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Engaging high-risk groups in early lung cancer diagnosis: a qualitative study of symptom presentation and intervention preferences among the UK's most deprived communities.

McCutchan, Grace; Hiscock, Julia; Hood, Kerenza; Murchie, Peter; Neal, Richard D; Newton, Gareth; Thomas, Sara; Thomas, Ann Maria; Brain, Kate.
BMJ Open; 9(5): e025902, 2019 May 22.
Artigo em Inglês | MEDLINE | Maio 2019 | ID: mdl-31122972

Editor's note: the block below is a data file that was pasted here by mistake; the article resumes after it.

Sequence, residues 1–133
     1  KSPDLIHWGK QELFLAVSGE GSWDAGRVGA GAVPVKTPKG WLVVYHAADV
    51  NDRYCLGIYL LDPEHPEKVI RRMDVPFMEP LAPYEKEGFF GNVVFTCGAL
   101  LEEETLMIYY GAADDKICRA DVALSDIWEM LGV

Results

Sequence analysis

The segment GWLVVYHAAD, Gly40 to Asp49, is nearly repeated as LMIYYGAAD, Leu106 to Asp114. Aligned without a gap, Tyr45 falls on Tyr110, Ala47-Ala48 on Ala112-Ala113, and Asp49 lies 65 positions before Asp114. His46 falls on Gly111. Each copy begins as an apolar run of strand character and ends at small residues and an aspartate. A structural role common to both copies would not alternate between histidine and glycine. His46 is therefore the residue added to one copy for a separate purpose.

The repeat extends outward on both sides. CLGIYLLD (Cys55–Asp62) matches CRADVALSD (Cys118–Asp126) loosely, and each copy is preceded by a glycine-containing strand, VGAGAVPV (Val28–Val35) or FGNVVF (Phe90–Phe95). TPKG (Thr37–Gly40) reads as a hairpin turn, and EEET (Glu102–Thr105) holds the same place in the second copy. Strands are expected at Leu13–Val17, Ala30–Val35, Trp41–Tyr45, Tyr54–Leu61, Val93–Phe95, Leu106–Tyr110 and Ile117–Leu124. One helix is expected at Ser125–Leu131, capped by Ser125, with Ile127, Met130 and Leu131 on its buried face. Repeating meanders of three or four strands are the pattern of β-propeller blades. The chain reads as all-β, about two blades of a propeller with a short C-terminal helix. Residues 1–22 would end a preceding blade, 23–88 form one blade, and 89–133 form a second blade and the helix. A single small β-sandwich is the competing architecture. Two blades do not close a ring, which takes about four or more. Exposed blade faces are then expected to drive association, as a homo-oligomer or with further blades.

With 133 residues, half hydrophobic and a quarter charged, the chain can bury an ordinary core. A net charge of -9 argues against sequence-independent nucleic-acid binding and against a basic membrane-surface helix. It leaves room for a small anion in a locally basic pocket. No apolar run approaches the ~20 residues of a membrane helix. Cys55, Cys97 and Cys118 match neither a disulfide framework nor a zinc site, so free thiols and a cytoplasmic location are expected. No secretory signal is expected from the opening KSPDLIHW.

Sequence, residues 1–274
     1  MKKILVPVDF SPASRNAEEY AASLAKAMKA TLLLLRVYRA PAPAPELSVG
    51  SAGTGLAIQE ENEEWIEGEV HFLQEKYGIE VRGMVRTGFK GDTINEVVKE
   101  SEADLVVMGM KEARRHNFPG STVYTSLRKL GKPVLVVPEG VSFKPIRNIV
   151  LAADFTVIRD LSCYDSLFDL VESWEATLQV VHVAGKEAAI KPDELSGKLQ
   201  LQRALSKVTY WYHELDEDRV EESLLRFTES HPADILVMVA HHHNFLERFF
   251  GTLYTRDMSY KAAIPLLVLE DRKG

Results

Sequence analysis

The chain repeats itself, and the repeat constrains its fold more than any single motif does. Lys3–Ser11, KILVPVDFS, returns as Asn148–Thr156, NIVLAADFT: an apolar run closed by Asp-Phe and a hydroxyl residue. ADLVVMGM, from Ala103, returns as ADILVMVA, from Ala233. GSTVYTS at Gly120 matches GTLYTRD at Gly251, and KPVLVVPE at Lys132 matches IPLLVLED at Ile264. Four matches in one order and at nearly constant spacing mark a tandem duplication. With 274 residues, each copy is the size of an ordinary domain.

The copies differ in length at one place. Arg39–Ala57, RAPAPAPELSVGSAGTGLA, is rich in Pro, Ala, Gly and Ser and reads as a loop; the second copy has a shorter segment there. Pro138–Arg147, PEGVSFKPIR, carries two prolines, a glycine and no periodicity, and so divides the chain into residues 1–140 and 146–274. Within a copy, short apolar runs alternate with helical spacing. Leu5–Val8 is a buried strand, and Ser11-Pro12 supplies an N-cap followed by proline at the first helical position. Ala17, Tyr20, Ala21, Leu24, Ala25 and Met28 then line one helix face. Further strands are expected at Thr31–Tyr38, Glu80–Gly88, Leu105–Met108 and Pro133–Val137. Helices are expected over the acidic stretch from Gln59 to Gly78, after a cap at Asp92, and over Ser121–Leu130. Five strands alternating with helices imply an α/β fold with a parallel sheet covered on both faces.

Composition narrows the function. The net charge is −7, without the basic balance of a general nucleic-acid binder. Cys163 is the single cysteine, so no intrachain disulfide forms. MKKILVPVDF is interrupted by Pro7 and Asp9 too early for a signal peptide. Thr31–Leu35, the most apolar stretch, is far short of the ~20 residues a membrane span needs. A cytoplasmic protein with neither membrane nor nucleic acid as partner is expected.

Resumo: OBJECTIVES: People at high-risk for lung cancer-current/former smokers, aged 40+ years, with serious lung comorbidity (ie, chronic obstructive pulmonary disease) and living in highly deprived areas-are more likely to delay symptom presentation. This qualitative study aimed to understand the influences on early presentation with lung cancer symptoms in high-risk individuals and intervention preferences. METHODS: Semi-structured qualitative interviews with 37 high-risk individuals (without a cancer diagnosis), identified through seven GP practices in socioeconomically deprived areas of England, Scotland and Wales (most deprived 20%). A symptom attribution task was used to explore lung symptom perception and help seeking, developed using Leventhal's Common Sense Model. Four focus groups with 16 high-risk individuals and 12 local stakeholders (healthcare professionals and community partners) were conducted to explore preferences for an intervention to promote early lung cancer symptom presentation. Data were synthesised using Framework analysis. RESULTS: Individual and area level indicators of deprivation confirmed that interview participants were highly deprived. Interviews. Preoccupation with managing 'treatable' short-term conditions (chest infections), led to avoidance of acting on 'inevitable and incurable' long-term conditions (lung cancer). Feeling judged and unworthy of medical help because of their perceived social standing or lifestyle deterred medical help seeking, particularly when difficult life circumstances and traumatic events led to tobacco and alcohol addiction. Focus groups. Participants recommended multifaceted interventions in community venues, with information about lung cancer symptoms and the benefits of early diagnosis, led by a trained and non-judgemental facilitator. CONCLUSIONS: This study was novel in engaging a high-risk population to gain an in-depth understanding of the broader contextual influences on lung cancer symptom presentation. Perceived lack of health service entitlement and complex lives facilitated avoidance of recognising and presenting with lung cancer symptoms. Community-based interventions have the potential to empower disadvantaged populations to seek medical help for lung symptoms.